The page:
The Next Rembrandt is a project where tech was used to analyse Rembrandt’s painting style and then create an entirely ‘new’ painting by the artist. The campaign won in Cyber and Creative Data in Lions Innovation but is also in many ways a perfect PR stunt, with the project gaining headlines across the international press and even earning a (scornful) review from curmudgeonly art critic Jonathan Jones in the Guardian.
Film Craft Grand Prix: Under Amour, Rule Yourself Michael Phelps, Droga5 New York
Martin de Thurah’s beautifully shot film shows Phelps’ gruelling prep for the Olympics.
Mobile Grand Prix and Lions Entertainment Grand Prix: NYT VR, with Google, GE, Mini, New York Times, T Brand Studio
The New York Times’ VR work (which includes virtual reality projects with brands) picked up the Mobile Grand Prix. Above is Displaced, one of T Brand Studio’s projects, in 360. More on the project can be read in our review here.
Outdoor Grand Prix: Heineken New Zealand, Brewtroleum, Colenso BBDO
Brewtroleum saw a biofuel created from lager, with New Zealand men invited to save the world by drinking beer.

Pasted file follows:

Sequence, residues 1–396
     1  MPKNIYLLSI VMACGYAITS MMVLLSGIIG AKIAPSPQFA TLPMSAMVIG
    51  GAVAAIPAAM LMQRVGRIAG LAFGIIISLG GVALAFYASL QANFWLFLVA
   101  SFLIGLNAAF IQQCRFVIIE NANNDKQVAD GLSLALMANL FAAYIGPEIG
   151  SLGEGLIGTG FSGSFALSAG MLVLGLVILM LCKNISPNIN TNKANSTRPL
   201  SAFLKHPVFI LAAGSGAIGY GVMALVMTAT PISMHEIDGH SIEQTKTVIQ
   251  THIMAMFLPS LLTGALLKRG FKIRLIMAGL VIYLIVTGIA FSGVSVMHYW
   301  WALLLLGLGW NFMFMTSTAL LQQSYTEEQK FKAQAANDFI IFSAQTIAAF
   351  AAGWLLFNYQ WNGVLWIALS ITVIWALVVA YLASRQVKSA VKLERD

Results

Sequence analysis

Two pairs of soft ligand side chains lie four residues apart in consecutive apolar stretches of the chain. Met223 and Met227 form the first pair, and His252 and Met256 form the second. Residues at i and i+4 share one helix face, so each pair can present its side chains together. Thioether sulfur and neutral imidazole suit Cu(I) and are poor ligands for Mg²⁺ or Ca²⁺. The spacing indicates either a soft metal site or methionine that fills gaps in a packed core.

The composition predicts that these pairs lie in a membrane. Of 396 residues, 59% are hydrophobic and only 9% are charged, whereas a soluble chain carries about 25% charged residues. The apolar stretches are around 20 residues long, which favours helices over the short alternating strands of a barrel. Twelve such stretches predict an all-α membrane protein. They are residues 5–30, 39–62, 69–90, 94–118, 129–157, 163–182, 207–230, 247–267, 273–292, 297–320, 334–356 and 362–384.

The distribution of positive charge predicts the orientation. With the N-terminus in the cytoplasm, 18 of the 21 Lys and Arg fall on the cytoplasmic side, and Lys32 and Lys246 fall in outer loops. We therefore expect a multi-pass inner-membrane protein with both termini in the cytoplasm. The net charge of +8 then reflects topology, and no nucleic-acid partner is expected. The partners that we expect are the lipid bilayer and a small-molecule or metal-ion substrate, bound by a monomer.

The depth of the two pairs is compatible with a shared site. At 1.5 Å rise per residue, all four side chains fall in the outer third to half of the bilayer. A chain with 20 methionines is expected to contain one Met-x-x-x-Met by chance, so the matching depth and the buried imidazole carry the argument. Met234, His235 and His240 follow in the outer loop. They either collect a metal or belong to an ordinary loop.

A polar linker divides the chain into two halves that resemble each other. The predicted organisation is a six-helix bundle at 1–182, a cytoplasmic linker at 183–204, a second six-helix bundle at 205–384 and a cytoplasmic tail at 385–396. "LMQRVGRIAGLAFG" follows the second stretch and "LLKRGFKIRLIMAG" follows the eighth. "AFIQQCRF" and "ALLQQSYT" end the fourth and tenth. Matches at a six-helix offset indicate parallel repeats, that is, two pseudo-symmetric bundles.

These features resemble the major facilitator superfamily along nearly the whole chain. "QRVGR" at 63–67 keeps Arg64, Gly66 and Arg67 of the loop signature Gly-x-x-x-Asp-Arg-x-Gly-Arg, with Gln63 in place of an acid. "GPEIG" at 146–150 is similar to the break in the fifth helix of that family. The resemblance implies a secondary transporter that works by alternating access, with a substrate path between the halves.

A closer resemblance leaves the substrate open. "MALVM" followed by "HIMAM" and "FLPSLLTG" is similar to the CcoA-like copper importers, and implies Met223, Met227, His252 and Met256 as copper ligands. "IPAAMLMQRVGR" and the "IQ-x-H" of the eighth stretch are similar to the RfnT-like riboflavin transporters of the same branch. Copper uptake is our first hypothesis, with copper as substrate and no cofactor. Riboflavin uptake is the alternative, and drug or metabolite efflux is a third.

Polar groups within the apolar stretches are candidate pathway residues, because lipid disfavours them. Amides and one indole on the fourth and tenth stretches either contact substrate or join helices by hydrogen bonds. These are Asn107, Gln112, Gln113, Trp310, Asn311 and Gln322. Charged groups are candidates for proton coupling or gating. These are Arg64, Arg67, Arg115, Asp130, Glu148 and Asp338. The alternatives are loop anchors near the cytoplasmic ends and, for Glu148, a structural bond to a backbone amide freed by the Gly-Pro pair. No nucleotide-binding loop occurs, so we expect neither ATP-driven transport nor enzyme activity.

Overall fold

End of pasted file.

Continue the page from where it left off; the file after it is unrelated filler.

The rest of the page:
Design Grand Prix: Panasonic, Life Is Electric, Dentsu Inc
To bring electricity to life for the public, Panasonic charged a range of batteries in unusual ways including hamsters on a wheel and cheerleaders performing.
Digital Craft Grand Prix: Because Music, Because Recollection, 84.Paris
This beautiful website, at because-recollection.com, celebrates ten years of French record label Because Music.
Direct Grand Prix: Swedish Tourist Association, The Swedish Number, Ingo
The Swedish Tourist Association created a phone number where audiences could call up someone in the country to ask anything they like, generating press all over the world.
Media Grand Prix and Print & Publishing Grand Prix: Burger King, McWhopper, Y&R NZ